By allowing ads to appear on this site, you support the local businesses who, in turn, support great journalism.
Dodging ducks!!!
Marsh Musings
Dam Witt

Have you been through the Bottoms in the past few months? Ducks and geese are dodging heavy equipment that is doing some amazing work. 

Great strides are being made for the present and future of the Bottoms. It takes a significant amount of time, money, skill, and careful planning to preserve and protect this wonderful wetland. You will see a state truck zipping around the roads with a very serious young man at the wheel. Area Wildlife Manager Jason Wagner keeps his thumb and mind on the projects that are occurring as we speak. Kim and Gene Schneweis are doing lots of work to make things happen. The contractors are skilled and dedicated to making the Bottoms the best they can be.

I asked Jason Wagner for a list of projects and am amazed at the scope and complexity of these jobs. I will share some of them with you:

Here is his report:

In the past couple of years we have:

Removed all the silt in the north hub.

Replaced 13 electric pumps.

Replaced the two propane engines that run the large pumps on the east side.

Replaced or repaired multiple water control structures that were failing.

Replaced the drop structure west of the campground that is the final step in getting water to the Bottoms.

Replaced 10 water control gates that were no longer functioning as designed.

Expanded the campground and added a vault toilet facility.

Replaced the vault toilet at the headquarters.

Constructed a new office and shop and upgraded the headquarters area.

Acquired some new equipment (tractor, disc, UTVs, and a marsh master to battle cattails and phragmites.

Removed silt along the ditches to help with water management.

Cleared the cattails out of pool 4A, 3A and 3B. About 3.500 acres have been cleared.

Rebuilt the island blinds in multiple pools to increase hunter access and expand wildlife habitat in those pools.

Plant at least 200 acres of food plots for waterfowl.

Plant 200-400 acres of food plots for upland game.

Burn over 1,000 acres annually if weather permits.

Working very hard to remove invasive red cedars and honey locust.

Replacing old boundary fences and signs.

Added 140 acres to the wildlife area that is now open to the public.

Initiated silt removal in the inlet canal.

Adding two large capacity pumps in the west hub will improve water management in pools 2 and 5 in the next month.

Replacing walkways to improve hunter access.

Replacing the kiosks to improve the aesthetics of the Bottoms.

Starting silt removal in the east hub started last week

The old goose pens are going to be getting a facelift and will be utilized as a special draw hunt for youth.

 As you can see, a significant amount of money is required for these projects. Most of the funds come from a $6 million Pittman Robertson Act grant. Most of that has been spent or earmarked for current projects. Ducks Unlimited went through a “Bring Back the Bottoms” program that generated about $600,000 dollars. The beauty of that project is that the funds will be matched with Pittman Robertson money to bring a total of $2 million to fill in the shortfalls of the original grant. The Pittman Robertson Act is an excise tax on guns, ammunition, and some sporting goods. These funds are collected by the government and distributed back to the states at a 3-1 match based on hunting license sales. For every dollar the state contributes, Pittman Robertson kicks in $3. The state contributes funds from hunting licenses and permit sales. Aside from the big grant money, there is a $200,000 operations and maintenance budget for day-to-day operations. It is transparent and supported by every organization and person interested in hunting and habitat preservation.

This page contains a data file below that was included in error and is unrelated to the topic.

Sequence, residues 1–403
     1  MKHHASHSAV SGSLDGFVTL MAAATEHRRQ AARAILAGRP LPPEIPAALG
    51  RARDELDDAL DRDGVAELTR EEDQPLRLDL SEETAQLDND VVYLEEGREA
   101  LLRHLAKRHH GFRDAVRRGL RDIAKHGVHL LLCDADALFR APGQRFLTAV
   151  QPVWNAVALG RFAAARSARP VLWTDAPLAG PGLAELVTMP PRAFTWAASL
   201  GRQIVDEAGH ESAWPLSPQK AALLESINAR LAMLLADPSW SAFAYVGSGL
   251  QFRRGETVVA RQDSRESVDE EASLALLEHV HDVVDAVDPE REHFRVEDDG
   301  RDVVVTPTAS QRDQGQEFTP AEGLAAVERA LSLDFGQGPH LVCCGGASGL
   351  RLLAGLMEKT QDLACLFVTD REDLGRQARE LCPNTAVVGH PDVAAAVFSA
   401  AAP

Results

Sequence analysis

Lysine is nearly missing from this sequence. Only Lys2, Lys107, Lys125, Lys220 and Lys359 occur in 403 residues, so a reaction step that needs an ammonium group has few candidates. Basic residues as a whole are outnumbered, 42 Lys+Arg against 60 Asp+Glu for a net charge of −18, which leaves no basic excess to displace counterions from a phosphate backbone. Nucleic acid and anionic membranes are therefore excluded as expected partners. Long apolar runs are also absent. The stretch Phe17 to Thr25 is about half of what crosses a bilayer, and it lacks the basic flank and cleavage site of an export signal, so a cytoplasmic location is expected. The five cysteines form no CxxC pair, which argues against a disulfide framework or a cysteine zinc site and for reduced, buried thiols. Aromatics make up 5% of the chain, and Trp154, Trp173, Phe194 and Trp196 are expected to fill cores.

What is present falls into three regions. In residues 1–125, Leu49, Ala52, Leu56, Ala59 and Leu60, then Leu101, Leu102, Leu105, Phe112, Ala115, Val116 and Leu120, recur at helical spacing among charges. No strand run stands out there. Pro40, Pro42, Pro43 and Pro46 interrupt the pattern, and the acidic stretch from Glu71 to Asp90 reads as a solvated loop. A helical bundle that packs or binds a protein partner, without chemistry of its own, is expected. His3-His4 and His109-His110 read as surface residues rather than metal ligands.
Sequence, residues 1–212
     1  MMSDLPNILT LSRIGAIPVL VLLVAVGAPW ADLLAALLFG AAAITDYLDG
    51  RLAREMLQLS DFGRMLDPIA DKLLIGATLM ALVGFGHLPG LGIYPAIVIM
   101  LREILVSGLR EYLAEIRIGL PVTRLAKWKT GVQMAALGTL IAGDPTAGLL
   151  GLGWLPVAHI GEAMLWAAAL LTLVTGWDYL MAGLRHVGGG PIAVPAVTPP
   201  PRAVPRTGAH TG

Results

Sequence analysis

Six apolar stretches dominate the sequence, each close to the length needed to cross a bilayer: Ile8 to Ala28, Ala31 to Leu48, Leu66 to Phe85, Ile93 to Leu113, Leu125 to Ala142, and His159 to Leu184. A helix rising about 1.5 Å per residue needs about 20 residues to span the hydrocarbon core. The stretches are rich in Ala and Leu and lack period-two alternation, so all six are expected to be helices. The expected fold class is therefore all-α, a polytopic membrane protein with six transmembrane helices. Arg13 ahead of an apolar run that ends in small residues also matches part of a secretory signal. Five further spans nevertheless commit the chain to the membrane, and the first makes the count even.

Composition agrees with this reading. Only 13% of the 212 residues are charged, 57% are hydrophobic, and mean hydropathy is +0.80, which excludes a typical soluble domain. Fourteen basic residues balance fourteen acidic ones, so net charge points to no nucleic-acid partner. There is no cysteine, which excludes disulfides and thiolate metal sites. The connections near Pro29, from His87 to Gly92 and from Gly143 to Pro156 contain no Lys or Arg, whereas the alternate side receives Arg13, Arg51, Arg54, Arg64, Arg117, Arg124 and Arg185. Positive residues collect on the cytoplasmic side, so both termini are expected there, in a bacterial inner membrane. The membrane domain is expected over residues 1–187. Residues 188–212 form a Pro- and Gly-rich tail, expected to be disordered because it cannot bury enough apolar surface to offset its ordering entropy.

Jason Wagner

Jason Wagner is the public land manager for the Bottoms. I asked him to give me a biographical thumbnail of his career. Here is his description of himself. All I can do is share it with you and be grateful for his ingenuity, diligence and dedication to the Bottoms. 

“I grew up in Otis, where I fell in love with the outdoors specifically hunting, fishing and trapping. I graduated from Otis Bison High School in 2001 and then went to Fort Hays State University. I graduated in 2005 with a B.S. degree in biology with emphasis in wildlife and fisheries. After college, I was hired by the Texas Parks and Wildlife Dept. and worked on public lands in the desert mountains of West Texas. I then changed positions and became a district biologist. I advanced to the lead biologist for the Trans-Pecos district of Texas Parks and Wildlife. I spent eight years down there working in a very unique ecosystem with incredible wildlife like desert bighorn sheep, mule deer, pronghorn, elk, scaled quail and mountain lions. I managed to attend Sul Ross State University while working full time and obtained a M.S. degree in natural resource management.

“In 2013, I had an opportunity to join the Kansas Department of Wildlife and Parks as an area biologist out of Hays. It was great to come home, and I worked there for 3 ½  years. When Karl Grover retired in 2017, I had the opportunity to apply and be chosen as the public land manager at the Bottoms.

“My wife Julie, two daughters, Jaylie and Kinsley, and I live on a small hobby farm by Otis. As you all know, I am still a passionate outdoorsman and enjoy spending time outside with my friends and family.” 

I hope that all you that read these musings now have a better understanding of how the Cheyenne Bottoms works, and how precious these people are that spend everyday making it the best they can for all of us – and especially for the wildlife they support. We are very lucky to have them watching over the Bottoms.

Doctor Dan Witt is a retired physician and nature enthusiast. He can be reached at